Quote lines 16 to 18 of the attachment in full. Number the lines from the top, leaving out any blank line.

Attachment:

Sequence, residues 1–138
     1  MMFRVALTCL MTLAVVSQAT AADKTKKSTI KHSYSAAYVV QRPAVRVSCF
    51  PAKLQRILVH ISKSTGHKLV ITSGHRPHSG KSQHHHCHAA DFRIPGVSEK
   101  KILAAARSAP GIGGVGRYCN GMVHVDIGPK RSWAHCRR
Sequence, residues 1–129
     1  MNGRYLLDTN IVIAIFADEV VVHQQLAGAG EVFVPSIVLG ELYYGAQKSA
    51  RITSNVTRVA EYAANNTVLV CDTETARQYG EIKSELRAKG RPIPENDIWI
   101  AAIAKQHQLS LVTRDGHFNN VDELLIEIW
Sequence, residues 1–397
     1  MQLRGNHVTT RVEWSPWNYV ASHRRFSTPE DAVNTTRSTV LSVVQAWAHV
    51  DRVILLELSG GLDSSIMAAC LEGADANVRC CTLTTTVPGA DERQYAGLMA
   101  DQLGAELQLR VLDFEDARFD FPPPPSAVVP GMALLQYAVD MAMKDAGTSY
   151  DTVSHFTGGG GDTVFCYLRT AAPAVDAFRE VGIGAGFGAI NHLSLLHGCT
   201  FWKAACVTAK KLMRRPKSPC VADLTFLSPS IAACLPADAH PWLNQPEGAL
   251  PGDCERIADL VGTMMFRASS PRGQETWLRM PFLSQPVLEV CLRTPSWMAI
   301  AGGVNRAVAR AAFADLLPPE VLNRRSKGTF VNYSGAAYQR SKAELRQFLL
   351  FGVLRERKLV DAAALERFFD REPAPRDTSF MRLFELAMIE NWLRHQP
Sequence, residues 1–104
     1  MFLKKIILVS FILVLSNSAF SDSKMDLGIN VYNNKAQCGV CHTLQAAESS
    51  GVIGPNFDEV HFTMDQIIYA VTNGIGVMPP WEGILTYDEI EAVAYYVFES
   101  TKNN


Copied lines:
   301  AGGVNRAVAR AAFADLLPPE VLNRRSKGTF VNYSGAAYQR SKAELRQFLL
   351  FGVLRERKLV DAAALERFFD REPAPRDTSF MRLFELAMIE NWLRHQP
Sequence, residues 1–104